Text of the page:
Here’s the blizzard! A beautiful looking storm is streaming north with snow ready to overspread Long Island by 6:30 and moving ashore here in Connecticut shortly after 7:00.
There still remains uncertainty with whether or not this storm will be a mere “major” storm with widespread 12″+ snows or will it enter the pantheon of historic storms with widespread 20″+ totals. There are several reasons for the uncertainty including the influence that large thunderstorms off the coast of North Carolina will have on the eventual track.
Here are the updated snow probabilities. I have changed very little other than to bump up northeast Connecticut and New Haven’s probabilities slightly. I think the forecast from the NWS in Boston of 2+ feet statewide is too bullish at this point. In fact for any specific location I have the odds of >24″ of snow generally 25% or less (which is actually quite high for any snowstorm).
Here’s the bottom line
- 15″-25″ of snow statewide. It’s possible someone in southern New England gets 30″-36″ of snow but it’s too early to say where that will be or if it will occur.
- Wind gusts to 60 m.p.h. in southeastern Connecticut and 40-50 m.p.h. elsewhere will result in isolated to scattered power outages. Not a huge deal but some people will be in the dark.
- Blizzard conditions (wind gusts >35 m.p.h. and visibility <1/4 mile) will be possible in parts of the state.
- The storm begins as light snow after 8 a.m. A steadier and heavier snow overspreads the state after noon.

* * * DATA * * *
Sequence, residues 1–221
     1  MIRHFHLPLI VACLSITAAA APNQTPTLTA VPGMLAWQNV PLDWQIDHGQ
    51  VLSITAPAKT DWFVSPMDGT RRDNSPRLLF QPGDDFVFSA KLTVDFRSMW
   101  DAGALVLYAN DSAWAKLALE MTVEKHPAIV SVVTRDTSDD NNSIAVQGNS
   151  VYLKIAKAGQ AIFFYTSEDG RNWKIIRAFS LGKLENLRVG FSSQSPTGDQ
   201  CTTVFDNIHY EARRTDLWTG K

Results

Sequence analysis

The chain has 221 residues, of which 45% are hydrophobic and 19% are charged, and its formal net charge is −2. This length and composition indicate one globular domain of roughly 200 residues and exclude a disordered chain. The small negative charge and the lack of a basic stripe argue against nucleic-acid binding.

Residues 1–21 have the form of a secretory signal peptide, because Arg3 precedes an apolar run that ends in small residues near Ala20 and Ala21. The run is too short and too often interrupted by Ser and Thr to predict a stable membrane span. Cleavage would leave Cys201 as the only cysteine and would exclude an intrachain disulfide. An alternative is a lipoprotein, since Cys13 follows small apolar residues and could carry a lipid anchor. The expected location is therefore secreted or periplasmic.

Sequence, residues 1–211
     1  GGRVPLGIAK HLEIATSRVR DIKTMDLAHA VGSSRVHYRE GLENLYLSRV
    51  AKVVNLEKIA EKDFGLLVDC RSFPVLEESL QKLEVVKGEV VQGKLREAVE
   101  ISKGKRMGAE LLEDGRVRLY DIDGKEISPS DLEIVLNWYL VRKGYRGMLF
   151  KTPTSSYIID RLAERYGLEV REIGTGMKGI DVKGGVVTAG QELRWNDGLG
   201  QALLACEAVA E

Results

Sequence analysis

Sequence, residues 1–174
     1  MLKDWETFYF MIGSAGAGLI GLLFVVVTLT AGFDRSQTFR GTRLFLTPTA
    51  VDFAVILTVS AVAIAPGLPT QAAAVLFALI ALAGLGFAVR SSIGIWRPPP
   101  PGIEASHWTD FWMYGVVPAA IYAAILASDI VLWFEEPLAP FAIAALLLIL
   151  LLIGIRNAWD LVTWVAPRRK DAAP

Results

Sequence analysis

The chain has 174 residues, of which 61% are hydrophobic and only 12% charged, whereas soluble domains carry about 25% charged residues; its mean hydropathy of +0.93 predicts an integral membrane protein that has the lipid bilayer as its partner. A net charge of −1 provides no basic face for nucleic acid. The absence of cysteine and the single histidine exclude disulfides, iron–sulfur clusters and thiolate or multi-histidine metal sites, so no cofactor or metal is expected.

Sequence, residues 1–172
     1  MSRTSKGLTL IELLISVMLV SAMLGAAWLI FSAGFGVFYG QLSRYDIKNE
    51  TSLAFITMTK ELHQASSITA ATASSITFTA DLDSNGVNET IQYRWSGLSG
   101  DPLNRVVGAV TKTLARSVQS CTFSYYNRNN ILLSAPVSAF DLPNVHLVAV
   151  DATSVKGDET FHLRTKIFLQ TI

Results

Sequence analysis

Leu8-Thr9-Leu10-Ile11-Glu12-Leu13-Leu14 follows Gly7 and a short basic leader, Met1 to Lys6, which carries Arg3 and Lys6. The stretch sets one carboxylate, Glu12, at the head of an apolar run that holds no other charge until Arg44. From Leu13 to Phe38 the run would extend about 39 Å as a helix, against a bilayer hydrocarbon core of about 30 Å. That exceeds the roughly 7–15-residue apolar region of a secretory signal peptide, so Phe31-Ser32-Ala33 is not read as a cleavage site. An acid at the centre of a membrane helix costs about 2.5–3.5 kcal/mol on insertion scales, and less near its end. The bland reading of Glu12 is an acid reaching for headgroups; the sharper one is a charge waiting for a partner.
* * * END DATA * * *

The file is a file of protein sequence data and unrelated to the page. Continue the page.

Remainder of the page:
- The heaviest snow will be during the evening and overnight when snowfall rates may approach 3″ or 4″ an hour.
- Travel will be difficult so stay off the roads if you can.
- A period of mixing with sleet is possible in coastal Connecticut but it’s possible that this remains an all snow event in many areas including New Haven.
The embarrassing run of modeling for U.S. numerical weather prediction continues. Just hours before snow starts falling here’s the difference between the 6z GFS and 6z NAM QPF forecasts.
No question that the NAM is a garbage model. It’s of limited use to anyone. The GFS, however, has been pretty inconsistent with this storm altogether. The European has been much more reliable and consistent over the last 5 days.
The GFS shows no stall with this storm off of the Cape and keeps it trucking northeast. In addition, it appears to be suffering from some convective feedback with the thunderstorms over the Gulf Stream. This may be resulting in a track too far offshore.
The NAM, on the other hand, is about as wild a weather porn run as you’ll see. A widespread 20″-40″ across southern New England.
The more measured, and consistent, solution has been found with the ECMWF and the SREF. I like this blend of global model with non-hydrostatic short range ensembling. Blend with the best of both worlds! The SREF shows generally 1.5″ to 2.25″ of QPF and is fairly close to the Euro. Run with it friends!